Very few internet users understand the meaning of the padlock icon in their web browser’s address bar. It represents HTTPS, a security feature that authenticates websites and protects the information users submit to them. Let’s go over some user-friendly HTTPS best practices to help you surf the web safely.
Older web protocols lack data encryption. When you visit a website that doesn’t use HTTPS, everything you type or click on that website is sent across the internet in plain text. So, if your bank’s website doesn’t use the latest protocols, your login information can be intercepted by anyone with the right tools.
The second thing outdated web browsing lacks is publisher certificates. When you enter a web address into your browser, your computer uses an online directory (called DNS) to translate that text into numerical addresses (e.g., www.google.com = 220.127.116.11) then saves that information on your computer so it doesn’t need to check the online directory every time you visit a known website.
The problem is, if your computer is hacked it could be tricked into directing www.google.com to 18.104.22.168, even if that’s a malicious website. Oftentimes, this strategy is implemented to send users to sites that look exactly like what they expected, but are actually false-front sites designed to trick you into providing your credentials.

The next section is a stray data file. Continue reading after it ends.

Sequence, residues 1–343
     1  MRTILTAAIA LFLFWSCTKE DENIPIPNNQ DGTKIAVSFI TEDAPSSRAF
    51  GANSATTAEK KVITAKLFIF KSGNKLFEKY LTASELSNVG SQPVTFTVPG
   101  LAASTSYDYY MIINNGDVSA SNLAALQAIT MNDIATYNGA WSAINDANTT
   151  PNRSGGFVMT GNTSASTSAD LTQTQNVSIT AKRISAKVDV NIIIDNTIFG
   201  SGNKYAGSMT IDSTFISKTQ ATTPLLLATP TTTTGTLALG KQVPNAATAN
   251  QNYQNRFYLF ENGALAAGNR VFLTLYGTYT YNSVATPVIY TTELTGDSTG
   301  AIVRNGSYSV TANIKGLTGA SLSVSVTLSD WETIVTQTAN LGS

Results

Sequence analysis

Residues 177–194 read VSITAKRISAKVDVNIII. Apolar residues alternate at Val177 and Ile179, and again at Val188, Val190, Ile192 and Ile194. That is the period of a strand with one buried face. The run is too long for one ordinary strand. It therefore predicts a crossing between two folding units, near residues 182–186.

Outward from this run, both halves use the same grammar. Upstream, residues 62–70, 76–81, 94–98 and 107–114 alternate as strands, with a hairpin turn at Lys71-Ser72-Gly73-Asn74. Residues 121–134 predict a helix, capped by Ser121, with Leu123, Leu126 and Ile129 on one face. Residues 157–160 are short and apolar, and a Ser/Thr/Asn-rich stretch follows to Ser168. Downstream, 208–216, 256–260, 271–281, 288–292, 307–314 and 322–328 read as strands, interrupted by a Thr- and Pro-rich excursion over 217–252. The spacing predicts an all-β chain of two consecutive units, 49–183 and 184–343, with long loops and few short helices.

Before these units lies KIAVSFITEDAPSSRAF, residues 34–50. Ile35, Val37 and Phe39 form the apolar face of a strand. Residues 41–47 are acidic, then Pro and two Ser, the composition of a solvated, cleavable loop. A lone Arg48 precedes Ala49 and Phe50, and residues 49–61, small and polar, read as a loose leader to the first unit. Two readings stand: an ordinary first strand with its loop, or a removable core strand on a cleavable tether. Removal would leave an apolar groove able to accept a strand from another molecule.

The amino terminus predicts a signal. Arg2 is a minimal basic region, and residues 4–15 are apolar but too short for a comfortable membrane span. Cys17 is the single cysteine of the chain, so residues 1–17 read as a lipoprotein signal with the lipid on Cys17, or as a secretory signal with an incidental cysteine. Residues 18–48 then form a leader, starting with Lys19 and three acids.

HTTPS created a new ecosystem of certificates that are issued by the online directories mentioned earlier. These certificates make it impossible for you to be redirected to a false-front website.
Most people hop from site to site too quickly to check each one for padlocks and certificates. Unfortunately, HTTPS is way too important to ignore. Here are a few things to consider when browsing:
Avoiding sites that don’t use the HTTPS protocol is just one of many things you need to do to stay safe when browsing the internet. When you’re ready for IT support that handles the finer points of cybersecurity like safe web browsing and preventing trick DNS addresses, give our office a call.